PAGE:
How Different Social Networks Are Used (With Graphs!)
Because our application combines so many different social networks, we have some unusual insight into exactly how users choose to interact with different networks. I was a bit curious about this, so I (Zane Claes, lead programmer for Streamified Inc.) whipped up a web dashboard in our new API that shows the usage of the networks in graph format.
About this data
This data is collected from many thousands of users on different platforms (including, for example, our web app, iOS app, desktop app, etc.) Although our “v2 API” (built on Node.js and MongoDB) is only a few weeks old, and thus this data is relatively recent, it appears to be largely consistent with the activity I saw in the v1 API (collected from ~300k users over 1 year). Finally, I would like to make it perfectly clear that no sensitive data has ever been recorded by our servers. We keep track of the usage of our application, but I could not even tell you the most basic information about when/what was posted/liked/etc.
Social Networks Logins
With Streamified, users can attach one or more social networks. Here is the distribution. It is worth noting that, in the application, the networks are presented in the following order: Facebook, Twitter, Tumblr, LinkedIn, Instagram, Google Reader, Google Plus, Readability, Instapaper, Pocket. I would be interested in randomizing the order to observe the effects of login distribution, but have not yet done anything of the sort.
No surprise that Twitter gets the most posts made to it, or that Facebook is a close second.
A much more appropriate way to look at the data, though, is to consider how many posts were composed in relation to the number of people who logged into that network. In other words, how apt are people to share on each network?
Replies to Existing Posts
Note that Instagram supports replies (and likes, for that matter) but not composing new posts with their API, so you won’t see it in the above graph, but it does appear here. On the other hand, LinkedIn and Tumblr are not considered to support “replies” (I won’t get too far into why in this post), so they have disappeared from this graph.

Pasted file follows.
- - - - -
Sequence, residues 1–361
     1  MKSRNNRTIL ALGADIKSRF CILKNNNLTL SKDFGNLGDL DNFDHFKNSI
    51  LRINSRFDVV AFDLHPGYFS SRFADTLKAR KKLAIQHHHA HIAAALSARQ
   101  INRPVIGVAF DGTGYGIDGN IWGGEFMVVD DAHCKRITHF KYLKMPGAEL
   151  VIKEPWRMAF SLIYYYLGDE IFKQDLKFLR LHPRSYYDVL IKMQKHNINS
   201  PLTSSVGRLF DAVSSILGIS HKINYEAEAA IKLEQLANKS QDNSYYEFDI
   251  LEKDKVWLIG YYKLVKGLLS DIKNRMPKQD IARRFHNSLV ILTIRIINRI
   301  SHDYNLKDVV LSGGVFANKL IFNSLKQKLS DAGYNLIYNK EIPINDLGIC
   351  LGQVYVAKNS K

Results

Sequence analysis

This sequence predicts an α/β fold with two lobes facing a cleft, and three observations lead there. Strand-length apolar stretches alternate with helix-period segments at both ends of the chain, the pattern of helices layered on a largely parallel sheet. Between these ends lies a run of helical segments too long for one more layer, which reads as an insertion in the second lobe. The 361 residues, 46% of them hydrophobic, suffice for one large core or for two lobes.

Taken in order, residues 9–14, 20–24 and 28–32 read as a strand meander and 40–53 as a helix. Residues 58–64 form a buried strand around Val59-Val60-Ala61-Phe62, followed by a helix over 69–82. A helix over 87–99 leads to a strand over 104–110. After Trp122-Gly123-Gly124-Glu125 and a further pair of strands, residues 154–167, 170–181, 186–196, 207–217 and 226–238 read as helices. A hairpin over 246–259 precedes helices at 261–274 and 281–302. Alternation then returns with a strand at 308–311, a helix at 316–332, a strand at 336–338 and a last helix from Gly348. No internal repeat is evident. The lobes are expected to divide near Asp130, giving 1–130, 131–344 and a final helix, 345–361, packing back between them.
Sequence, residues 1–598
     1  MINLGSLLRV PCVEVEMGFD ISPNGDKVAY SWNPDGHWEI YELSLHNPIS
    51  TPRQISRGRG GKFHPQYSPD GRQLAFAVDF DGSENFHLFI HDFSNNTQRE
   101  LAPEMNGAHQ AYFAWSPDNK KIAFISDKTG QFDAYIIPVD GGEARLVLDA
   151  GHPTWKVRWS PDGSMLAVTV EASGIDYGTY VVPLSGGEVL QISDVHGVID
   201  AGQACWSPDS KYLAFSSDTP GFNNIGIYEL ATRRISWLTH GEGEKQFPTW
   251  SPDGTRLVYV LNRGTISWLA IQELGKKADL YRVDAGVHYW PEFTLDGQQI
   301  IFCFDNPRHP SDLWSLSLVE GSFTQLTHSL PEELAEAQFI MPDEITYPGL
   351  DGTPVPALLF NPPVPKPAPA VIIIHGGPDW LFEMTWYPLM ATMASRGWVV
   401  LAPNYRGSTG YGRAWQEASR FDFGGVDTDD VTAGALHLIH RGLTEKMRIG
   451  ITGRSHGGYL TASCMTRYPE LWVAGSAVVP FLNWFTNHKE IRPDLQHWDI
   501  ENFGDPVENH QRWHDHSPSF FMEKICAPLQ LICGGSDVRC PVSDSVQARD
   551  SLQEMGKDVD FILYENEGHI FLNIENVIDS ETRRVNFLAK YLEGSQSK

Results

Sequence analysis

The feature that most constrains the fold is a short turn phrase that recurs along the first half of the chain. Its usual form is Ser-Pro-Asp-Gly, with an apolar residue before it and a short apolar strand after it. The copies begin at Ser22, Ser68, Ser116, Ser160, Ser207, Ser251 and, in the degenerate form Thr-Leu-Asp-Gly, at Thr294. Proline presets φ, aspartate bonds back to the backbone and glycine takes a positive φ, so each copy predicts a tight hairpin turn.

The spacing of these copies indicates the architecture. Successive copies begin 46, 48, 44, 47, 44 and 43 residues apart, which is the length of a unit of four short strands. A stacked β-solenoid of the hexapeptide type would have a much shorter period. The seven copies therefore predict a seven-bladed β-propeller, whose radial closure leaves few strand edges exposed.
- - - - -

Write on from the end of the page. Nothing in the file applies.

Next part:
Again, looking at this compared to logins…
“Liking,” “Retweeting” and “Reblogging” of Posts
Again, Instagram is present but LinkedIn is missing (though Tumblr is back). Note that the “like” action is misleading as it applies only to Facebook and Instagram; these actually map to Twitter Retweets and Tumblr Reblogs, within the context of our API. It is true that Tumblr has its own “Like” action, but for reasons I won’t get into here, we map this against a different feature within our API. What is important here is that the button for each of these actions resides within the same spot in our application. Still, Tumblr may seen an in-apt comparison due to the fact that Reblogs are not likely to be as popular of an action (due to reposting the content) as a simple “Like.”
In any case, what was surprising to me is just how popular Instagram is here, but I suppose it speaks to the “visually addictive” nature which has allowed Instagram to achieve such great success (eg, we all love scrolling through pretty pictures, and pressing the “like” button is quick and addictive).
I’ve tried to keep my commentary and analysis out of this post as much as possible in order to make it as numbers-oriented as possible. Hopefully you find it useful, or at least mildly informative.
Do you want to see more data? Let us know what you’re looking for, and we’ll see what kind of charts we can put together for future blog posts.